ZHL Soleil Royal - with some additions

Joined
Apr 10, 2018
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15
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Location
Melbourne, Australia
Yes that’s right, its another ZHL Soleil Royal Build Log!

Hi all, and welcome to my first build log here on SOS.

Time for a little backstory.

I’m primarily a plastic model builder, more specifically a sci-fi model builder but I bought the ZHL Black Pearl early last year to add to my stash of kits to build at some point in the future as I really like the ship (both from the movies and from the Kingdom Hearts video games) and really want to make a statement piece out of it.

Fast forward to this year and being in lockdown, I’ve had a bit more time to model but due to a few setbacks, I lost my drive for the couple of plastic kits I had been working on so they have gone back in their boxes for another day. I looked through my stash to see what else I could dedicate my time to and I saw the Black Pearl sitting there, but I knew that having not ever built a wooden ship model before, I didn’t want the Pearl to be my first. So I started looking at other wooden kits I could buy to be my ‘first’ build.

Knowing what I can be like, I had to make sure that the ship in question was one that I was drawn to and was of some interest to me. So this is where I stumbled upon the Soleil Royal. I know it is technically nowhere near a beginners kit, but if I’m honest, none of the beginner kits I looked at appealed to me. I just like the look and shape of the Soleil, along with its colours and decorations, and I like a challenge.

So I took the plunge and bought it. Max was great to deal with and the kit eventually arrived earlier this week.

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Looks like Australian customs decided to inspect inside the box, but thankfully they didn’t have to confiscate anything.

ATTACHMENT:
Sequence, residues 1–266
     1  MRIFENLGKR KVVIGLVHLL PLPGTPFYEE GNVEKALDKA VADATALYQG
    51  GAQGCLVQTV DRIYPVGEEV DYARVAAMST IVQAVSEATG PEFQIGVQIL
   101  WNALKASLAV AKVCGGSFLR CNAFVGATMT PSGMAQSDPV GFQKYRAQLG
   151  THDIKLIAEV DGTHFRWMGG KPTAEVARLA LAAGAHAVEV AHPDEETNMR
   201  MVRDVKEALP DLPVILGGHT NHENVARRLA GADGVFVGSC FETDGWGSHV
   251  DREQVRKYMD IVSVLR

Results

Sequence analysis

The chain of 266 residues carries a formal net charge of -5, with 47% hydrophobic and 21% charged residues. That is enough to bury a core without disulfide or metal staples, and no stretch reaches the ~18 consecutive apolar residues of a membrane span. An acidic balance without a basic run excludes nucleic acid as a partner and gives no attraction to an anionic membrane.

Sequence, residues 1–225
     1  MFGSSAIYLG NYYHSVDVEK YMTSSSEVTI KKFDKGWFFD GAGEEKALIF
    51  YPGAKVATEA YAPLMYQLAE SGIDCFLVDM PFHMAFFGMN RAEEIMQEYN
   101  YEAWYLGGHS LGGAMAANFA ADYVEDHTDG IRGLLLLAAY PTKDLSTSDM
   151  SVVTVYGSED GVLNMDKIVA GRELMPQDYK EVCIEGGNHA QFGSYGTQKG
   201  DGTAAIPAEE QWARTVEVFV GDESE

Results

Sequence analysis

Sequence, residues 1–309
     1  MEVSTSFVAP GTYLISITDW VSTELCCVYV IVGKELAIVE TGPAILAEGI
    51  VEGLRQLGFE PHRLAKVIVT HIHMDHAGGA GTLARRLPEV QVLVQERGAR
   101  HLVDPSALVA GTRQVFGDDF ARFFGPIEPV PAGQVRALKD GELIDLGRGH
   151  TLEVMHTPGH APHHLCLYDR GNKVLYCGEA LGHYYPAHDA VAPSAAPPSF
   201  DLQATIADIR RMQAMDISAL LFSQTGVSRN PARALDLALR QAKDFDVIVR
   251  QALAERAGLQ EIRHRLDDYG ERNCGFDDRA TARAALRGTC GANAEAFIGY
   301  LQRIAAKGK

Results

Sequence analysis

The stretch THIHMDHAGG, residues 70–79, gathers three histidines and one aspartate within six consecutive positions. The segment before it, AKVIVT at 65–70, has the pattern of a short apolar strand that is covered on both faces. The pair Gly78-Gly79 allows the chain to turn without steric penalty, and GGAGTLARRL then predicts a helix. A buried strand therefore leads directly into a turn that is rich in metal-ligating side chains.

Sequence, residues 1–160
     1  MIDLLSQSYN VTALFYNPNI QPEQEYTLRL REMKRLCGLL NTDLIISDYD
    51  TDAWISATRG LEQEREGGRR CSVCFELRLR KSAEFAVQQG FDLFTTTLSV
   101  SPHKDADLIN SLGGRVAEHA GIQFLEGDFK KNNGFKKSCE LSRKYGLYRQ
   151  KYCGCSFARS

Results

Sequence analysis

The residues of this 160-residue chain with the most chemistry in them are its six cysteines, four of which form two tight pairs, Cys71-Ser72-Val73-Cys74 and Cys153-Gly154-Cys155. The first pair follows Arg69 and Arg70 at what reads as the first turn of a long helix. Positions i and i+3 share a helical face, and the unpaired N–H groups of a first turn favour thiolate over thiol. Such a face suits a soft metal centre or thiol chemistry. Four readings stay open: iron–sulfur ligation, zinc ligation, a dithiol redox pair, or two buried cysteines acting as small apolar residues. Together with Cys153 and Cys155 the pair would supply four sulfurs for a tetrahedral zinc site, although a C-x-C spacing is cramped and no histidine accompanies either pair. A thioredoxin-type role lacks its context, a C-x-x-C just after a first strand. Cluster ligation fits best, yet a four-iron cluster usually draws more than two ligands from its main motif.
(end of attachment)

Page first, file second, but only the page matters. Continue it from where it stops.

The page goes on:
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After a quick inventory, everything was accounted for apart from the Instruction CD appearing blank when put into my PC. Sent an email to Max and haven’t heard anything back as yet, but luckily paulb was able to help me out and email me a copy of the instructions from his build. Thanks again Paul!

So after sitting down with the instructions and looking through the parts, I’ve decided that along with building the ship (which is a mammoth task in itself), I am also going to look into the possibility of replacing the metal decorations that come with the kit. Whilst the ones that come with the kit are not horrible by any means at all, I am guessing that over time the molds used to cast them have worn down a little so they have lost some definition. I recently bought a 3D printer to be able to create custom parts for other model kits and thought I could put it to use on this kit too. Now whilst I have some experience in creating things in a 3D software program, usually they are very boxy and are not carved or sculpted as such. Venturing into this new avenue of sculpting and carving things in 3D should be a bit of fun, and if it fails, then at least I still have the original metal ones to use!